This brings me to another characteristic of individuals. They have freed themselves from the need to be accepted by their tribe. Conversely, they have freed themselves — in their important decisions, if not in every inward motion — from the fear of rejection by the tribe. This is a substantial achievement because both the need and the associated fear are very hard to resist. I assume the fear is an evolutionary phenomenon, traceable to a time when being part of a tribe was absolutely necessary for survival. But in a liberal, democratic state — such as I imagine most readers of this article inhabit — if we go against our group and risk being ostracised, the fear is out of proportion to the real danger. In this sense at least, it should be less difficult to cultivate individuality today than it was in times gone by.
One of the earliest Buddhist texts is called The Rhinoceros Horn, in which the Buddha encourages his disciples to cultivate self-reliance. It consists of forty verses, with the (almost) constant refrain: ‘one should wander alone like the rhinoceros horn.’4Here is one of them:
As a mighty, broad shouldered, spotted elephant who shuns the herds might move about at will in the forest, so one should wander alone like the rhinoceros horn.
‘Wandering alone’ is partly to be taken literally, because the Buddha here is obviously addressing bhikkhus — monks who had left the householder’s way of life, and wandered alone in the wilderness. But the text can also be understood metaphorically to mean that, even in the midst of a crowd, one should maintain one’s individuality.
Wandering alone is a practice that helps you to develop self-reliance and to become an individual. In periods of solitude, you quickly realise how dependent you are on others’ company. If you can make the effort to come to terms with that uncomfortable experience, you will begin to become less dependent on others, more self-sufficient, more of an individual. That is one of the reasons why regularly going on solitary retreat is encouraged in the Triratna Buddhist Community.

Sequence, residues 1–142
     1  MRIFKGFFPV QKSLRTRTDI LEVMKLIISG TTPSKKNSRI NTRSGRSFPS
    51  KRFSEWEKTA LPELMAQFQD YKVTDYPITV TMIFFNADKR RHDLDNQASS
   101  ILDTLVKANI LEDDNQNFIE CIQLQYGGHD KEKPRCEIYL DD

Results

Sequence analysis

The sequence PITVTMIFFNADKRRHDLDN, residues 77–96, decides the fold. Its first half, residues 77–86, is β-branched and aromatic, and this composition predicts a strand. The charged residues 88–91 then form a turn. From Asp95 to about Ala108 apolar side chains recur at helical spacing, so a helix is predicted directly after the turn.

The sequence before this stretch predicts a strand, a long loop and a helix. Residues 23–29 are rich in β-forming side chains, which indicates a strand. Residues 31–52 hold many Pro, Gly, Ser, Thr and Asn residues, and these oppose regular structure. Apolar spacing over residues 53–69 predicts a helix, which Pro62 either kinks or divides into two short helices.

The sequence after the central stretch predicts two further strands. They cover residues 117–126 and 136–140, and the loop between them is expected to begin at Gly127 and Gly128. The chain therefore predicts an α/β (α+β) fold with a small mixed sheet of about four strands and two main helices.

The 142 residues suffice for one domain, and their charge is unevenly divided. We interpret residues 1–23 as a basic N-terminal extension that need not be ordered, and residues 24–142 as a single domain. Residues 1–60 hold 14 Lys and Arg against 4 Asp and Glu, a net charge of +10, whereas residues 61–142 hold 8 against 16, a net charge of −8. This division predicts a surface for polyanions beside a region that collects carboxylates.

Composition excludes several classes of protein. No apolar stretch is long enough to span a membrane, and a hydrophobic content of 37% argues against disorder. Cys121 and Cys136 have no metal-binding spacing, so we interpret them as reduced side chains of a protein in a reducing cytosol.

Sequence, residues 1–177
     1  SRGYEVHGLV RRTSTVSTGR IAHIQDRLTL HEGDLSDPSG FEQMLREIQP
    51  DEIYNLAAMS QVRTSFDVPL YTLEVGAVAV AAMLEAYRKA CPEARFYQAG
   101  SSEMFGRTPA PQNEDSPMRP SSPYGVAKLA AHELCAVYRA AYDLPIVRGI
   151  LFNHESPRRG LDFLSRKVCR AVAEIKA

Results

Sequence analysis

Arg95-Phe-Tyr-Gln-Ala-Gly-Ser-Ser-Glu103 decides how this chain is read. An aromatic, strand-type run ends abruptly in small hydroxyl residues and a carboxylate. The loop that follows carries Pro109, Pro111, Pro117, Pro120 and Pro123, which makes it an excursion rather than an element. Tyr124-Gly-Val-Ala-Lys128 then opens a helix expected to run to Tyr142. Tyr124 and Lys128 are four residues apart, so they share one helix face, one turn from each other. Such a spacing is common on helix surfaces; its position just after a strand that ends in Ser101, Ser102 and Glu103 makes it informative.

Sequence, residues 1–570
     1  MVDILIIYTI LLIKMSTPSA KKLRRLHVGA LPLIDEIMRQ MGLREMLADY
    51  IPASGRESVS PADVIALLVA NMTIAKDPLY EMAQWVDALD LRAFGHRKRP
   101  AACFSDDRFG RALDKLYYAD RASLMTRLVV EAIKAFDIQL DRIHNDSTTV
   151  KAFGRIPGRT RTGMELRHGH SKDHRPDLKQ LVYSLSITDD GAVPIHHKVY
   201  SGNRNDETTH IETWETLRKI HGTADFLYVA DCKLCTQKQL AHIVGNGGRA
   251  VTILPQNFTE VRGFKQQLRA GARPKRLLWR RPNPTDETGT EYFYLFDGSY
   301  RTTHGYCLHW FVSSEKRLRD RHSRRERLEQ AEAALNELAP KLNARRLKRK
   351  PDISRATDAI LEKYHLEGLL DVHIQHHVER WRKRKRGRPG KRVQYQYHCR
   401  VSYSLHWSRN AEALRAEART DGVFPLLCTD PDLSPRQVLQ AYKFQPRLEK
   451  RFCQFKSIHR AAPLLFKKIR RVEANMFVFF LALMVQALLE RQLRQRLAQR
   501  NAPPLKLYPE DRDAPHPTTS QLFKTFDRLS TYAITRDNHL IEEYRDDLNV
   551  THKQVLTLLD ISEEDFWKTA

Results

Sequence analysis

Interestingly though, one of the forty verses of The Rhinoceros Horn has a different refrain. In this one the Buddha says, ‘If you find an alert companion, a wise and virtuous friend,’ then you should ‘wander with them, joyful and mindful.’ But in the next two verses, the Buddha says that if you do not find such a friend, it is better to ‘wander alone’. I think the Buddha here is alluding to friendship with someone who is also aspiring to become an individual. This leads me to an important point: becoming an individual is not easy. If you are going to follow that course, friendship with others on the same path is invaluable. Such a friendship will not be merely a group of two. It is a completely different kind of relationship: what Sangharakshita has called a free association of individuals. That will be the subject of Part Three of this series.
Before I end, I will mention one more characteristic of the individual: emotional positivity. Sangharakshita once said that the biggest problem of the spiritual life is finding emotional equivalents to our intellectual understanding. For instance, you may understand that all living beings want to be free from suffering, and in the case of human beings at least, to be happy. That idea is easy to understand.
The emotional equivalent to that understanding is metta — loving kindness towards all beings. It is much more difficult to develop metta than it is to understand the desire for happiness. Yet the task of developing positive emotions, especially metta, is a vital part of becoming an individual. Why? Because when you begin to free yourself from your tribe, you see that others are blindly following its dictates. Seeing that, you may all too easily feel contempt for them (hence the pejorative word herd). This can only create a gulf between you and them. That gulf will obstruct your efforts to liberate them from tribalism, and weaken your desire to make such efforts. But as an individual, one should see the potential for individuality in others, and relate to them on that basis. That is more likely to inspire them to lift themselves out of immersion in the group and into the freedom of individual consciousness. In effect, a true individual says to the tribe, ‘I think you’re better than that.’